From Traveller Wiki - Science-Fiction Adventure in the Far future
Jump to navigation Jump to search

A Telegraph is a technology around using devices for transmitting and receiving messages over long distances. This is different from a Semaphore, which transmits messages in one direction. A telegraph requires a set of fixed installations. Usually distances between stations is a kilometer or more, depending on the technology. Telegraph systems use a system of encoding messages before transmitting messages and the rate is usually slow, a few words per minute. Depending on the message encoding each message may contain more information.

There are four general forms of telegraph systems, in the general order of their invention:

An auditory telegraph (TL–0) uses a system of sounds to transmit information. Such a system uses mechanical sound makers like drums or natural generated sounds like whistles or other kinds of vocalizations. In some environments, like underwater, sounds can carry for hundreds or thousands of kilometers.

An optical telegraph (TL–1) uses mechanical system of paddles or arms to show characters, or uses lights or series of lights. These are mounted on towers or natural high points and require timing, observation skills, and clear weather to transmit messages. A heliograph is a version of the optical telegraph which uses mirrors to reflect sunlight to between stations.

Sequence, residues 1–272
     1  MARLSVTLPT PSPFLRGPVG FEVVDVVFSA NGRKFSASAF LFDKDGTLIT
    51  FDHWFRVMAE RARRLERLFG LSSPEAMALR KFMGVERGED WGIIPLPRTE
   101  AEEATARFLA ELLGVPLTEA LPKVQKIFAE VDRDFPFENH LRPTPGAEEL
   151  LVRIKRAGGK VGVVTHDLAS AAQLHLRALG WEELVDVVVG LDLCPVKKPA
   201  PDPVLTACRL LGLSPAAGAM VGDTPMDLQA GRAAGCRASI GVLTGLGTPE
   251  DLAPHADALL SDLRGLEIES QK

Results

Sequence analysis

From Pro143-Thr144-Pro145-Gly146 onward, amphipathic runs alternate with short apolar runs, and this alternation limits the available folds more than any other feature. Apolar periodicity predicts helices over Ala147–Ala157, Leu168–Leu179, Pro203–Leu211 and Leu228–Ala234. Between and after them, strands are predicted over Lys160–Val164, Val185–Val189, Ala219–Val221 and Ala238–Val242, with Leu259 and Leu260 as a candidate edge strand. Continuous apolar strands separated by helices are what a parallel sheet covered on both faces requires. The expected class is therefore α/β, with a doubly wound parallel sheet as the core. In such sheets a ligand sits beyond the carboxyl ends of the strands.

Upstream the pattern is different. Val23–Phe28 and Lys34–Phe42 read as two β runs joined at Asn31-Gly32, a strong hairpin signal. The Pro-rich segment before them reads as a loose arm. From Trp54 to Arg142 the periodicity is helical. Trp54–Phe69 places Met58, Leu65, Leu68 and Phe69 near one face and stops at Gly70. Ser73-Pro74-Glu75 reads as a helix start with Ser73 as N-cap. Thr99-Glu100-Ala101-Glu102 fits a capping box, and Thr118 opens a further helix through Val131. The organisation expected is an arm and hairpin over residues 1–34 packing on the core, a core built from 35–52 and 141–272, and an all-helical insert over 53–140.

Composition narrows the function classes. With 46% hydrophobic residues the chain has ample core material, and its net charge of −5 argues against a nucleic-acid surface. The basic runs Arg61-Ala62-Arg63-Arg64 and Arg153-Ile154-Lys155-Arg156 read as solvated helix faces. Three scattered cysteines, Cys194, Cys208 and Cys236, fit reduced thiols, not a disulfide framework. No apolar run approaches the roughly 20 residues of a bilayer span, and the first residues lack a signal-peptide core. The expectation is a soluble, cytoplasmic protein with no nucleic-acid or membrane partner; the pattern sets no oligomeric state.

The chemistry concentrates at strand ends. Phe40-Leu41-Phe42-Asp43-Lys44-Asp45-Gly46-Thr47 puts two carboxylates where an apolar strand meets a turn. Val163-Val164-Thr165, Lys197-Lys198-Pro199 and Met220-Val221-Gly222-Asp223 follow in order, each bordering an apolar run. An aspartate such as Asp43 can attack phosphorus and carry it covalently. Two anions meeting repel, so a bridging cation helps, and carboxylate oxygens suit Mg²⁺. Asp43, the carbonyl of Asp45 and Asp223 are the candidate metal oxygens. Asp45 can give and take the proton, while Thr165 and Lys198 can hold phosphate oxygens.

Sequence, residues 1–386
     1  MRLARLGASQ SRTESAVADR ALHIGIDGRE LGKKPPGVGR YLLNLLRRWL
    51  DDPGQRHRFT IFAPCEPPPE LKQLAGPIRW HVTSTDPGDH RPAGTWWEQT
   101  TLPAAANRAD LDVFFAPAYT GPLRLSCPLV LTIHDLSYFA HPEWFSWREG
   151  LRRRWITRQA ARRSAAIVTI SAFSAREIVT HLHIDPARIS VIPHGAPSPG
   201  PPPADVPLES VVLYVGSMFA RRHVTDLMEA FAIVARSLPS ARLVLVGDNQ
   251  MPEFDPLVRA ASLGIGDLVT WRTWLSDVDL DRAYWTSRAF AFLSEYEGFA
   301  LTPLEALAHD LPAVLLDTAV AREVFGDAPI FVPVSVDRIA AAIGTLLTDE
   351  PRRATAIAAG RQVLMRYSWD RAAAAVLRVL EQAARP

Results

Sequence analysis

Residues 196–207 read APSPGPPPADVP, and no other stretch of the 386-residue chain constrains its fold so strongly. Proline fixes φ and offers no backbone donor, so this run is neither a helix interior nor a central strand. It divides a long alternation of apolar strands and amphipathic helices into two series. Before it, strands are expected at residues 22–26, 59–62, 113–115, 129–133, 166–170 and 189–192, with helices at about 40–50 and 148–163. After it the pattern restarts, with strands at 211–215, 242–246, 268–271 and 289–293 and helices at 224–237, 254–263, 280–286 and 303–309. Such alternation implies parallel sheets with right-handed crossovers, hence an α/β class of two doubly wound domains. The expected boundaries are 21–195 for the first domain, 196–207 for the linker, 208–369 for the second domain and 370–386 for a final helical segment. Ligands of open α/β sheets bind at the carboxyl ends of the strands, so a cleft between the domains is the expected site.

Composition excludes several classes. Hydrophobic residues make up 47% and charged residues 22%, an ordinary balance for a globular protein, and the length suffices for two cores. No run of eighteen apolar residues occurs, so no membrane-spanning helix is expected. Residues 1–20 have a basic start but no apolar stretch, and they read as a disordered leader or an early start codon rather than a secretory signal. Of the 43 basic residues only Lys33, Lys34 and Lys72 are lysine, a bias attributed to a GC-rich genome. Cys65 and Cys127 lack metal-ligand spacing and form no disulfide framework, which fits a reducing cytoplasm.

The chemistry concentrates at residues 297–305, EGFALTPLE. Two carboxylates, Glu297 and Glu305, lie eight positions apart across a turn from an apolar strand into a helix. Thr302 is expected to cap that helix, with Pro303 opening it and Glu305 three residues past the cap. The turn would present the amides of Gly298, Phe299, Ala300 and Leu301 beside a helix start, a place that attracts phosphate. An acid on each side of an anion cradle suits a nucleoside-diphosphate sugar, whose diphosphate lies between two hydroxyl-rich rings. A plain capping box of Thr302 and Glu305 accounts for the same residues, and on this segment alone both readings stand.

A Mechanical Telegraph (TL–3), a refinement of the optical telegraph, uses complex mechanical components to precisely control signalling devices in order to transmit larger volumes of data quickly and efficiently.

An Electrical Telegraph (TL–4) connects two stations with a single wire, and uses a electromagnetic system to send signals between them. The range of transmission is limited only by ability to connect the transmission stations with wires and power the system. Distances of hundreds or thousands of kilometers are possible.

A wireless telegraph (TL–4) uses very early radio wave technologies to connect stations. There is no physical connection and depending upon the wavelength of radio selected, the communication can reach any where on the world or systems in orbit.

Smallwikipedialogo.png This page uses content from Wikipedia. The original article was at telegraph. The list of authors can be seen in the page history. The text of Wikipedia is available under the Commons Attribution-ShareAlike 3.0 Unported License.